No Minnie Mouse here either.

11) Mickey Mouse 14: Wild Waves - August 15, 1929 - Dir. by Burt Gillett

Mickey tries to save Minnie from the ocean waves.

It was remade into color in 1930 (Mickey's finally got his high-pitched voice):

It's interesting, because we start to see Mickey become a kind-hearted hero instead of the womanizing, animal-abusing anti-hero that he started out as.

12) Silly Symphony 1: The Skeleton Dance - August 22, 1929 - Dir. by Walt Disney

Disney billed this with his name, but he later realized that he should put Mickey's name on the Silly Symphonies too to give them better marketing. It's similar to how Pixar advertises today. For example, the first preview of Up showed clips from all the Pixar movies before it showed a little preview of the actual film. They want to remind you who they are. Same idea was used by Disney to market Silly Symphonies.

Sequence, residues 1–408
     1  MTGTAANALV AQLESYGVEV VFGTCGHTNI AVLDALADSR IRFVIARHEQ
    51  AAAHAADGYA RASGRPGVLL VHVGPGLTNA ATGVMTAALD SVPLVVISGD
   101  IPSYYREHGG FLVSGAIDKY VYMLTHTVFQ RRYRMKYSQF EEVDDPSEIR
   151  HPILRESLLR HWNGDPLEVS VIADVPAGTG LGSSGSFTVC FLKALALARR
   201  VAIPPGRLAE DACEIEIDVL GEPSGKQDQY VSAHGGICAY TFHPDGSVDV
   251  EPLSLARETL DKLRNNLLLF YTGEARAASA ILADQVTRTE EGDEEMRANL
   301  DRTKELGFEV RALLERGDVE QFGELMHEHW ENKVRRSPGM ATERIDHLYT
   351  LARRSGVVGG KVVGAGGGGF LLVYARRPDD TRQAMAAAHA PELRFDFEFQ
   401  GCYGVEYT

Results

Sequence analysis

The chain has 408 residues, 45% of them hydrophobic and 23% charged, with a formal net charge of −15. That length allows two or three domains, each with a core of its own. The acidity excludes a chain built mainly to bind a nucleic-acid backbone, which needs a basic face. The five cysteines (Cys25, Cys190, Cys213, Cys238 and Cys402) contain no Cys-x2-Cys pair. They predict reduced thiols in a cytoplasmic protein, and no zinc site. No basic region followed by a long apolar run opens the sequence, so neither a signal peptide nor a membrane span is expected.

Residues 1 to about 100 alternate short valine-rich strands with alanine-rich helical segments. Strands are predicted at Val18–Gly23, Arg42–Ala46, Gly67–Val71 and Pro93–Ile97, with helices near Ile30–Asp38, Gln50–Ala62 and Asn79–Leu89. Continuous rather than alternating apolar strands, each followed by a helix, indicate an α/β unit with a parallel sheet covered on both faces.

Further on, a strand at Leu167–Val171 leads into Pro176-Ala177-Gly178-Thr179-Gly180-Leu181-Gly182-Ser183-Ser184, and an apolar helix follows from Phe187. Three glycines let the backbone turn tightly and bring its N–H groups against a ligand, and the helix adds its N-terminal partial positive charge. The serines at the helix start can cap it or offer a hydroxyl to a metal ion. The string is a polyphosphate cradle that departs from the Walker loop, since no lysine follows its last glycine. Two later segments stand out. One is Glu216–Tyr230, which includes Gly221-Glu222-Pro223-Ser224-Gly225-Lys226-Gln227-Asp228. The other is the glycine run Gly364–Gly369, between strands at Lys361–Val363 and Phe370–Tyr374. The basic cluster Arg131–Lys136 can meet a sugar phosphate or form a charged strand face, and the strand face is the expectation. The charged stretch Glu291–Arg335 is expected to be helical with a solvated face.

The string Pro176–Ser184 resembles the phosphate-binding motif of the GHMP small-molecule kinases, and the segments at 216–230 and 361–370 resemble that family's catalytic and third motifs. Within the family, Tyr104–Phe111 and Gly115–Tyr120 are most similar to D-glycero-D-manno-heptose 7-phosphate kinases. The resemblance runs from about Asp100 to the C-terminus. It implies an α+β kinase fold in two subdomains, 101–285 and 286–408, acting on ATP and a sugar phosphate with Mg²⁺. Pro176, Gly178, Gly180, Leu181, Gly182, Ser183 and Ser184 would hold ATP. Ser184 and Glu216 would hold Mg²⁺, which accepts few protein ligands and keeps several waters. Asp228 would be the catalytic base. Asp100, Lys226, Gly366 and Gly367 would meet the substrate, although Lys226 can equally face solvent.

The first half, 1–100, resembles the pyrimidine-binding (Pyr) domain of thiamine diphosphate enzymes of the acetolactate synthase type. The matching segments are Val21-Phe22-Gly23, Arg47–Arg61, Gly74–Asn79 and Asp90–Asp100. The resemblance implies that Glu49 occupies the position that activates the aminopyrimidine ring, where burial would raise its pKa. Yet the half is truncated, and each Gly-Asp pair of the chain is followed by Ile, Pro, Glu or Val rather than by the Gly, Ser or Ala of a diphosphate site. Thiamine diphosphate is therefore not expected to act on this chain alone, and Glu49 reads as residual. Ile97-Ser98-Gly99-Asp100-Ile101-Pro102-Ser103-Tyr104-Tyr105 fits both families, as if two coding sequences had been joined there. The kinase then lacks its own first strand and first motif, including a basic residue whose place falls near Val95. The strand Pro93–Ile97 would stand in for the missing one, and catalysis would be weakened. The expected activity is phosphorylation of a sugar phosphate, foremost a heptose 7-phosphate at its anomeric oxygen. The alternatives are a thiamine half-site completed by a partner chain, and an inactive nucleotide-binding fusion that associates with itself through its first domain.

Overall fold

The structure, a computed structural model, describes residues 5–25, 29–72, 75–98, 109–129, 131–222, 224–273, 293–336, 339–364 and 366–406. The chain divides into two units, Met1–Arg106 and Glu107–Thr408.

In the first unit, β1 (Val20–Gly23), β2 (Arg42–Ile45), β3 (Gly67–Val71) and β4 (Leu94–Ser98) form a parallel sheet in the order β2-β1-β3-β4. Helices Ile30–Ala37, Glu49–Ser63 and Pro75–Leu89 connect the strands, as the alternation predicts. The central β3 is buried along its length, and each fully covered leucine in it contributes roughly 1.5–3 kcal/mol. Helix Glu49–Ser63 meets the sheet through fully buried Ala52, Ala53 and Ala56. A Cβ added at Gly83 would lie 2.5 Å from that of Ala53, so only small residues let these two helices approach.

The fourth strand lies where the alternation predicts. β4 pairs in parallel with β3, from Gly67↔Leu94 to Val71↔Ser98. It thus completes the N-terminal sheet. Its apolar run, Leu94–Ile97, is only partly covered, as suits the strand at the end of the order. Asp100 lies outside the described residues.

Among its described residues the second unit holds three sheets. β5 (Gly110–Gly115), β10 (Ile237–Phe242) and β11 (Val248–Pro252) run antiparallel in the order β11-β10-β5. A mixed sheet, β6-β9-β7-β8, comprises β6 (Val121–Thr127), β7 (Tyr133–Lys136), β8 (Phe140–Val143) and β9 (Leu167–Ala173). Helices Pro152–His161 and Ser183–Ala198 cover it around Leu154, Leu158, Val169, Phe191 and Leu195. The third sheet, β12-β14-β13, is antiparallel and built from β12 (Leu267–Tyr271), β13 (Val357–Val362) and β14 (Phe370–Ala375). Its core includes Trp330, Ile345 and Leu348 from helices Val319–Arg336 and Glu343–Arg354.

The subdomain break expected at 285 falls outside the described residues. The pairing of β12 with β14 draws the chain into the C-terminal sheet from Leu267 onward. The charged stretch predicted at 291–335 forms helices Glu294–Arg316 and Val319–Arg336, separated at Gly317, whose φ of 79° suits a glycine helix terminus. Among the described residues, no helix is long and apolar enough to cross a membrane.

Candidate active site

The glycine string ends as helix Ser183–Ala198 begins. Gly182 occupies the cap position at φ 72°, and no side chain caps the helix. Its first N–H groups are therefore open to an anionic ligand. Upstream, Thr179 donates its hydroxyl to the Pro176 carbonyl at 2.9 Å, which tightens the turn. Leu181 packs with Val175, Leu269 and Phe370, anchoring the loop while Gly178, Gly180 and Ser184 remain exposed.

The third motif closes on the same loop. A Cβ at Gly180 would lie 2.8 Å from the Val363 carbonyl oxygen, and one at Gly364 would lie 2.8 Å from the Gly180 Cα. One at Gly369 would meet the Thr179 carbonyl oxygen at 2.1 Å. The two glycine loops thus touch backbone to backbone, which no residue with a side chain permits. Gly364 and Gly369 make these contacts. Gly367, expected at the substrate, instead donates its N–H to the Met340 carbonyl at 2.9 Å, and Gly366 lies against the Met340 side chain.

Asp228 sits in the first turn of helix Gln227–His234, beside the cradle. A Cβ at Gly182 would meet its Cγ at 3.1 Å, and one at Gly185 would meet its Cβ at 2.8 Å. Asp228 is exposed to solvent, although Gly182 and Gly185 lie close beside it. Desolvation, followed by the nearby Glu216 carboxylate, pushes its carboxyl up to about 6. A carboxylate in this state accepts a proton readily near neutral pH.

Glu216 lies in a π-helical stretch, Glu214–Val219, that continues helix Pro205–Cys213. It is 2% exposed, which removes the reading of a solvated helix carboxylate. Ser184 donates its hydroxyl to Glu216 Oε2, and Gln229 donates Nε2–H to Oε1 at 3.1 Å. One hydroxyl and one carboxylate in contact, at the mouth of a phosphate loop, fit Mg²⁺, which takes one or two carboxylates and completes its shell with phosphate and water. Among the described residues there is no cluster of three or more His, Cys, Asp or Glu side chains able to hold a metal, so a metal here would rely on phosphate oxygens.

4:12 - The skeletons were cruel to animals even if Mickey stopped doing that.

Walt and team took a break from the Mickey Mouse cartoons to do these silly symphonies from August 22 through the end of October. Disney was starting to return to his roots of the Laugh-o-gram shorts (that featured fairie tales in present times). This time he found success in music in animation, and so that's the direction he took his second anthology series (the first being the laugh-o-gram shorts).

In the film, four human skeletons dance and make music around a spooky graveyard. It is the first entry in the Silly Symphonies series. In 1994, it was voted #18 of the 50 Greatest Cartoons of all time by members of the animation field.

Carl Stalling explained, in a 1969 interview, that it was actually a foxtrot set in a minor key. Stalling suggested the idea for a series of musical one-shot cartoons to Disney at a gag meeting in 1929. Stalling also adapts Edvard Grieg's "The March of the Trolls" for part of the skeleton dance music.